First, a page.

*Note: this device is not yet available in the US.
It seems incredibly rare for someone to dream up a completely novel treatment for a complex, challenging orthopedic problem and have that treatment be less invasive, less risky to the patient, cost less than the accepted existing standard treatments, and provide excellent results with little downside. Read below to find out about one such case.
There is a new device that is being utilized in Europe and Israel (currently not approved by the US FDA and not available for sale in the US) to treat patients with massive, irreparable rotator cuff tears. Clinical trials are currently underway in the US with the hope that FDA approval will be forthcoming. This device is the InSpace balloon. I learned about this new device while attending a recent international conference on shoulder surgery; I have no affiliation with the device or its inventors/owners, I just think it sounds incredibly innovative, promising, and brilliant and I really wish I had thought of it :).
Some massive rotator cuff tears, due to poor tendon and muscle quality, will not allow a successful rotator cuff repair. The optimal treatment for massive rotator cuff tears is debated. There are many treatment options, all with their own risks and benefits. The exact choice of treatment depends on the patient’s problems, age, functional requirements and the surgeons’s preferences and experience. One recent development is the InSpace balloon. It is a low risk procedure and may have some benefits over traditional treatments.
The InSpace device is composed of an introducer and a balloon-shaped spacer made of a biodegradable polymer which is a widely used material in the medical industry. The spacer is positioned by an arthroscopic procedure in the subacromial space between the humeral head and the acromion. Once positioned, the spacer is inflated with physiological water to allow smooth and frictionless gliding between the shoulder bones (see the images below showing the position of the implanted balloon in relation to the bones and muscles).
As pain associated with the torn rotator cuff tendons may cause abnormal motion and limit rehabilitation, breaking the pain cycle may facilitate successful rehabilitation, allow pain relief, improve shoulder function, and potentially eliminate or defer the need for more extensive shoulder surgery. The spacer degrades within 6-12 months. While the spacer is intact in the shoulder, the patient proceeds with focused rehab, working to retrain their muscles to move the shoulder in such a way that pain is diminished and hopefully eliminated and function is optimized.
Some patients develop massive rotator cuff tears slowly over time and they are able to adjust their shoulder musculature to function much like an intact rotator cuff; centering the humeral head and powering the shoulder at the same time. These patients have remarkably painless and functional shoulders. The balloon gives the patient with a massive cuff tear who hasn't been able to compensate on his/her own the time to do so with the balloon doing the work of centering the head while the shoulder muscles retrain.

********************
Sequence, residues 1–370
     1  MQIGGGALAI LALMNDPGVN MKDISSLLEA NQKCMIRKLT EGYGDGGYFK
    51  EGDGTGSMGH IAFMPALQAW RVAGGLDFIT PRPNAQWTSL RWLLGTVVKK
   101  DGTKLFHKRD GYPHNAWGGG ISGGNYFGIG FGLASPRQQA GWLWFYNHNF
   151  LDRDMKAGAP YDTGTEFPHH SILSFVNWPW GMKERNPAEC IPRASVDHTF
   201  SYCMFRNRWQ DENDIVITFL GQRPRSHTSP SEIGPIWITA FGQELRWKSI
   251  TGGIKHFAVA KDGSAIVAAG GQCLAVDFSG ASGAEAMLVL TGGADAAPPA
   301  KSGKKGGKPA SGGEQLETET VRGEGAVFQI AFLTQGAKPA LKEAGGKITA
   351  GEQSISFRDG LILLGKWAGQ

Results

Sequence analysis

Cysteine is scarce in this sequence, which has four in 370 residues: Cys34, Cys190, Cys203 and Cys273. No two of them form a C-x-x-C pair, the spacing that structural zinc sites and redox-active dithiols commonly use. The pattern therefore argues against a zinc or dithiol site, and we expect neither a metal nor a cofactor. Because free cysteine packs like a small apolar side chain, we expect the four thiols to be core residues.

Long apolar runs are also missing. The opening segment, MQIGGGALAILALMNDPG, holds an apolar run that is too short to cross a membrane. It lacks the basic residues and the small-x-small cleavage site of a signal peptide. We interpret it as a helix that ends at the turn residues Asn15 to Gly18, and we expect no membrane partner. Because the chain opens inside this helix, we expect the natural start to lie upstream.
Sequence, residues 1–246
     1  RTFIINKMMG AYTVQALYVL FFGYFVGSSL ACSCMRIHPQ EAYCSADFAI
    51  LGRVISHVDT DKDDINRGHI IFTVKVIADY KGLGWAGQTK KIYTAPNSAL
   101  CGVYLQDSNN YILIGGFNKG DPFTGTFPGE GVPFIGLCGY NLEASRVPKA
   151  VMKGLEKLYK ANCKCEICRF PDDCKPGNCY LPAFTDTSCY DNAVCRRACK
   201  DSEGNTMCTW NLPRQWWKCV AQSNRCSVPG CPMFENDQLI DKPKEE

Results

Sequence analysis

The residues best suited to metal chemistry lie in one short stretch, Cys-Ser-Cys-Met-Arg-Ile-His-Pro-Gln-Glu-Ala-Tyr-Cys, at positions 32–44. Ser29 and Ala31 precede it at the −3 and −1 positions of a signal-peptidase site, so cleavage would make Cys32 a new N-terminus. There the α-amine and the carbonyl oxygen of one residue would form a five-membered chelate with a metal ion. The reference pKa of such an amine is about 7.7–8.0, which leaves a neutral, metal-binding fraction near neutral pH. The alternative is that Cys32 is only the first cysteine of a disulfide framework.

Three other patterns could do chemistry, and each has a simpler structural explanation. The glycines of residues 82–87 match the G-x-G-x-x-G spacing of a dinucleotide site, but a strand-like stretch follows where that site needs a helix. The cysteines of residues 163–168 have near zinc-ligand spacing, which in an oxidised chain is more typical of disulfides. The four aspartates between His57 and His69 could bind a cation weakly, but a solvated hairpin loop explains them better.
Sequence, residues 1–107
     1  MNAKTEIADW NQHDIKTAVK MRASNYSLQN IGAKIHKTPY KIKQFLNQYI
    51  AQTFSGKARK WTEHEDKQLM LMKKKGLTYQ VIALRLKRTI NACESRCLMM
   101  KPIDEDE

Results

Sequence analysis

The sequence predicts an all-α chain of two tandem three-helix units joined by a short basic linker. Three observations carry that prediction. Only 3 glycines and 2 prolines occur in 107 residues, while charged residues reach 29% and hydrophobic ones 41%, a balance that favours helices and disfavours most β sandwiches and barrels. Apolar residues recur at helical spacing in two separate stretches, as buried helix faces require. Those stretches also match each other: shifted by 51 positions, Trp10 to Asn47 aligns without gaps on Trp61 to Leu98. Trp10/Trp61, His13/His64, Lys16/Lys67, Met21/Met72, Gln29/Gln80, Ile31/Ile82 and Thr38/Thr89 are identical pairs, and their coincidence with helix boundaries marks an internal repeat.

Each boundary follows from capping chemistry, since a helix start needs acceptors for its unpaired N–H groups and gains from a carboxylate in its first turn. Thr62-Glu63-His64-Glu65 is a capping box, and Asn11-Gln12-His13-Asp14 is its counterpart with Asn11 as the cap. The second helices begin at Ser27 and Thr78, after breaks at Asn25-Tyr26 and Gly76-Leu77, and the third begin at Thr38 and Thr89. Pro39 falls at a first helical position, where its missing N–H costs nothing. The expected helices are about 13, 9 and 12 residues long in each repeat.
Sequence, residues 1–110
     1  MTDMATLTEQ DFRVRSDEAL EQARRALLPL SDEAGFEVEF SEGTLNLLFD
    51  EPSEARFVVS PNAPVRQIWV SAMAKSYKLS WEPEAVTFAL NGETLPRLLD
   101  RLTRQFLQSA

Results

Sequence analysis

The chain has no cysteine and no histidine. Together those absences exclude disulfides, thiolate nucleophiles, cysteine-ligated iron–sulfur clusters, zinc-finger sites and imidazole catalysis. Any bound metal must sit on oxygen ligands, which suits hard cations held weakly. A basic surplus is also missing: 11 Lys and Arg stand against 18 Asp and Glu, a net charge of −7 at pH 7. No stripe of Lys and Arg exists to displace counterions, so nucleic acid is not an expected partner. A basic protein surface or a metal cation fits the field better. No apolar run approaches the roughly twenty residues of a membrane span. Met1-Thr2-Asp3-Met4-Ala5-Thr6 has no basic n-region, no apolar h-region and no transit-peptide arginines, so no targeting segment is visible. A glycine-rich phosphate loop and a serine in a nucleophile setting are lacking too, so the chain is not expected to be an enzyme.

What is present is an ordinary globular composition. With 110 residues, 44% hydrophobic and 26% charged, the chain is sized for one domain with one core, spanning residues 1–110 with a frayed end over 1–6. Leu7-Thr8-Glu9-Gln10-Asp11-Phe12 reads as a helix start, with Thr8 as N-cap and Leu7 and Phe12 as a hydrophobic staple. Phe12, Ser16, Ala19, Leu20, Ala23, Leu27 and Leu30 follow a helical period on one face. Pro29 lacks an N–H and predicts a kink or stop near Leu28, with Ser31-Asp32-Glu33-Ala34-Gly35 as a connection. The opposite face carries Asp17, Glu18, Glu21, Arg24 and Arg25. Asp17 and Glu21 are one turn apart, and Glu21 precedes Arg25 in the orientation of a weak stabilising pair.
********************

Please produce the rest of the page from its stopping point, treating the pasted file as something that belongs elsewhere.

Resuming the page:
The InSpace Balloon is intended to decrease pain associated with ruptured tendons following a rotator cuff tear. It has been approved by the European authorities since July 2010.
The surgical procedure of InSpace balloon insertion is similar to other routine rotator cuff surgeries, conducted in an operating room, under general or regional anaesthesia using an arthroscopic approach.
European and Israeli surgeons are using InSpace in two situations: to buy several more years’ time for patients facing shoulder replacement surgery; and for patients with massive rotator cuff tears that cannot successfully be fixed surgically.
Through arthroscopy or mini-open surgery, InSpace can be implanted in under 10 minutes.
Dr. Chezar Avi from Emek Medical Center in Afula has implanted the device in patients with large unreparable tears causing significant pain, and in older patients seeking to avoid joint replacement surgery: “The biggest advantage is that the procedure is simple, done arthroscopically and the recovery is fast and fairly easy,” reports the surgeon. “Another advantage is that if it fails, you can always return and perform joint replacement surgery in the future.”
Clinical data collected by the device's parent company, OrthoSpace shows that approximately 85 percent of patients experience improvement in shoulder function after implantation, and that improvement gets better over time.
Clinical trials are currently underway in the US.
This information is provided as an educational service and is not intended to serve as medical advice. Anyone seeking specific orthopaedic advice or assistance should consult his or her orthopaedic surgeon.
Sara Jurek, MD